Deciding (if you’d consider it a decision, really) that I like or dislike a story is easy. We like what we like, right? Determining the reasons why I liked or disliked something isn’t quite as easy but it’s not exactly the world’s biggest challenge either. The real challenge takes place for me when I, as a writer, try to break down those stories, those I liked and/or disliked, and then attempt to extract lessons from them for my own writing.

But here goes…

I’ve learned a lot from these four stories and perhaps more so from these writers. From Sedaris, I’ve learned that as a writer I want to be funny when the story calls for it but still personable and engaging. I shouldn’t sacrifice the story at the expense of any one joke or lesson. In Cliché Land they call that “cutting off your nose to spite your face” and that’s never a good plan. I’ve learned that while a reader’s attention is easy to grab, it’s also easy to lose. And while it’s possible to eventually regain a reader’s lost attention, it’s unlikely to regain their faith in the story and in me as the storyteller. From Didion, I’ve learned that it’s important to find that fine line between showing and telling without seeming and sounding pretentious, cold or unaffected. And from Sheehan, I’ve learned that if I want my story to be that diamond in the rough—the one that grabs and keeps the reader’s attention from start to finish—then I need to connect in a real way while telling a story that needs to be told. At the end of the day, it’s not about bells or whistles. It’s about how our stories and characters affect the people who read them.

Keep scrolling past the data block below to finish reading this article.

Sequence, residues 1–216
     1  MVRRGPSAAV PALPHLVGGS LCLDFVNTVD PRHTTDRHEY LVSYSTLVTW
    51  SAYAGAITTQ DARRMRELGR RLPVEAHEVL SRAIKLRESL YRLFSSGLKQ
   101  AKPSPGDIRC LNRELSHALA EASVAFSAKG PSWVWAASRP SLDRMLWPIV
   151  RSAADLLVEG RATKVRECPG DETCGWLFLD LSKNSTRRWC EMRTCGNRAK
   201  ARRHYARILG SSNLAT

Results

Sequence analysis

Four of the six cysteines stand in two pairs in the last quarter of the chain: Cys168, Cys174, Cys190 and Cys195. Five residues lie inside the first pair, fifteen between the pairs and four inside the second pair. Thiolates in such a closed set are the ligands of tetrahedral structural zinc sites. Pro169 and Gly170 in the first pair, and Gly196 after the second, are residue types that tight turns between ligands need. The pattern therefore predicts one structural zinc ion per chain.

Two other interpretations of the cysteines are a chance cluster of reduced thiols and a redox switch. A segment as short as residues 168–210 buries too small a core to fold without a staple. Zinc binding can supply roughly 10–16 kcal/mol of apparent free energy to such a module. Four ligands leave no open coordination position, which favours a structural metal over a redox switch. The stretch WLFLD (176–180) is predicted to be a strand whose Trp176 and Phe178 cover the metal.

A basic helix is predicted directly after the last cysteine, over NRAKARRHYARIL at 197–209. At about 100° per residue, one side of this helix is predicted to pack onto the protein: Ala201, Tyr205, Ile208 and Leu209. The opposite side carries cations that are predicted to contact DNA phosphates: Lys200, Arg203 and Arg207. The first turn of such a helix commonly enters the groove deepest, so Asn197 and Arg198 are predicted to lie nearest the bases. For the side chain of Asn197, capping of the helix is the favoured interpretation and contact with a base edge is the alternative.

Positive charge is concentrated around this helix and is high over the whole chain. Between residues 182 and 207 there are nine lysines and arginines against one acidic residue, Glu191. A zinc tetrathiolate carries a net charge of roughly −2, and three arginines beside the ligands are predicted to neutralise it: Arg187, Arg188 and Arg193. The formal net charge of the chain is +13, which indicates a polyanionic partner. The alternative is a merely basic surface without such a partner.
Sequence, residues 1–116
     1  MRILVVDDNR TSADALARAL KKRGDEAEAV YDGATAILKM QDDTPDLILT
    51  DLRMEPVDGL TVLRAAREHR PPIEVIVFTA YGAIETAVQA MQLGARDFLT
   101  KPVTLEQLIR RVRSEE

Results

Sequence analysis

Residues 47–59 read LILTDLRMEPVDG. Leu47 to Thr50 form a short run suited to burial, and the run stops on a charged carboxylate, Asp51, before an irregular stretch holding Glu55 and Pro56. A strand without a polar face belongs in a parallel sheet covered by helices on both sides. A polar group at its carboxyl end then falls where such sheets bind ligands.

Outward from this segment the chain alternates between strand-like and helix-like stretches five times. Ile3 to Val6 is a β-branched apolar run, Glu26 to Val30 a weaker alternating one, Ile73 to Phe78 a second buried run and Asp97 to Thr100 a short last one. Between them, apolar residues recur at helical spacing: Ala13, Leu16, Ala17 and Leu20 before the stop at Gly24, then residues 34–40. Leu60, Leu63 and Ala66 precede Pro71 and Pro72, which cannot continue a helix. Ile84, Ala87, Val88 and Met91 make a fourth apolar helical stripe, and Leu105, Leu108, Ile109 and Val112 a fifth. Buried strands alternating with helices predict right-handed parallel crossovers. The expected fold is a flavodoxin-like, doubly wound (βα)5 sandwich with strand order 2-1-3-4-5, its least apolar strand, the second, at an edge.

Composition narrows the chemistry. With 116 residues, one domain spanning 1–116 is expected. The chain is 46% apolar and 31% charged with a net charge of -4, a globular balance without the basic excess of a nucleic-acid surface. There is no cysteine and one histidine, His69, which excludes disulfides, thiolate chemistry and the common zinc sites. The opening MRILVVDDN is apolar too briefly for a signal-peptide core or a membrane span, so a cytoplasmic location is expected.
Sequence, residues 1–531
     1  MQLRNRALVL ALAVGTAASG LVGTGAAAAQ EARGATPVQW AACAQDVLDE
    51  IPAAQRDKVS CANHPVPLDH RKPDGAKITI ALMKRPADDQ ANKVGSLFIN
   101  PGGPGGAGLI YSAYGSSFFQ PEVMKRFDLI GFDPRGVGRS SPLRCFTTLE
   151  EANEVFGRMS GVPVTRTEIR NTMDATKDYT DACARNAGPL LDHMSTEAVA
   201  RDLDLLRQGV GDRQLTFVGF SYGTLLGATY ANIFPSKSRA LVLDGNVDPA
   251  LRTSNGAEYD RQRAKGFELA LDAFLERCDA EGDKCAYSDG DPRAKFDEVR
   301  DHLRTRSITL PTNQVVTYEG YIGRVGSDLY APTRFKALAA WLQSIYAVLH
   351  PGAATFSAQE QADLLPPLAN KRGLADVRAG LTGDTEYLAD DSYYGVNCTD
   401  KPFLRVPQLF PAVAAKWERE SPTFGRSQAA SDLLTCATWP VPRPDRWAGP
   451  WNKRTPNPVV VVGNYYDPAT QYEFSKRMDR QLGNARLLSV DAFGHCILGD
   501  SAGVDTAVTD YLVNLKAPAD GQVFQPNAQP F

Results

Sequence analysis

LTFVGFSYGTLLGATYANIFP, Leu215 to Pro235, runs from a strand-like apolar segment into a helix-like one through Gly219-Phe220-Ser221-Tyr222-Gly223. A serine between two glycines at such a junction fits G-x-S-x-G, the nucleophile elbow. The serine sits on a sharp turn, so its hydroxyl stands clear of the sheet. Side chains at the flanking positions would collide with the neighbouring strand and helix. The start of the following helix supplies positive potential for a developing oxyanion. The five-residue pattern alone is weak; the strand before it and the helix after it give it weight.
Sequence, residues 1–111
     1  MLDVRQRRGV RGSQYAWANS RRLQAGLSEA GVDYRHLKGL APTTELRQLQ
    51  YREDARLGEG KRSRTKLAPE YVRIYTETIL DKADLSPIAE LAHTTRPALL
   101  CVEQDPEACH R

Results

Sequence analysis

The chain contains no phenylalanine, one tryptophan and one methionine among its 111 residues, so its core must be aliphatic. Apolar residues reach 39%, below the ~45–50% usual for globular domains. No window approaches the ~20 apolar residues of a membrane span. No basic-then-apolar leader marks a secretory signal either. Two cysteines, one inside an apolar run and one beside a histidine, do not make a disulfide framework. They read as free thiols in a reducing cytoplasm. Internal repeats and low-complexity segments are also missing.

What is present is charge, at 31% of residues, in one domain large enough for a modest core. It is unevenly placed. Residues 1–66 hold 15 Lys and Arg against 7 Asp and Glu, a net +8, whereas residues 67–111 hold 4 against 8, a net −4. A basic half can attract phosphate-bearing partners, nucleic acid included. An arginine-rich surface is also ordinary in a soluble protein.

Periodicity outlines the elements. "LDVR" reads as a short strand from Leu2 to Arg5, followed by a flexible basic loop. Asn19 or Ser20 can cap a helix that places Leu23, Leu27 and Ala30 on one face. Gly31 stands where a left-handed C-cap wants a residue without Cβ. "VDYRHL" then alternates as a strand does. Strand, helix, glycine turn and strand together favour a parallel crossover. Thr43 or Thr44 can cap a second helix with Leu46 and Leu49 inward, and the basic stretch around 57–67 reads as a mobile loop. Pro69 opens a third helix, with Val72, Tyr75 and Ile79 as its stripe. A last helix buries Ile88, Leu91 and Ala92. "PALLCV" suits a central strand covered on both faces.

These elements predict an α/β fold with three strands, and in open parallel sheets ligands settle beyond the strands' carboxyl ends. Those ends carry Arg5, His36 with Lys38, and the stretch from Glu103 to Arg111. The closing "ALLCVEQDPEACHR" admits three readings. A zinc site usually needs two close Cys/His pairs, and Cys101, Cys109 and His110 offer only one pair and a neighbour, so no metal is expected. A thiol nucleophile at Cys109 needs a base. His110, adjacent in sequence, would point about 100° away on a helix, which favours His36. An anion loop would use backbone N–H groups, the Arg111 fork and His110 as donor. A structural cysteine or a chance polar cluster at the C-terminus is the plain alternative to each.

It sounds so simple, but as writers we all know it’s not simple at all.

Works Cited:
Didion, Joan. Slouching Towards Bethlehem. New York: Farrar, Straus and Giroux, 2008.
Sedaris, David. Me Talk Pretty One Day. New York: Little, Brown and Company, 2001.
Sims, Patsy. Literary Nonfiction. New York: Oxford, 2002.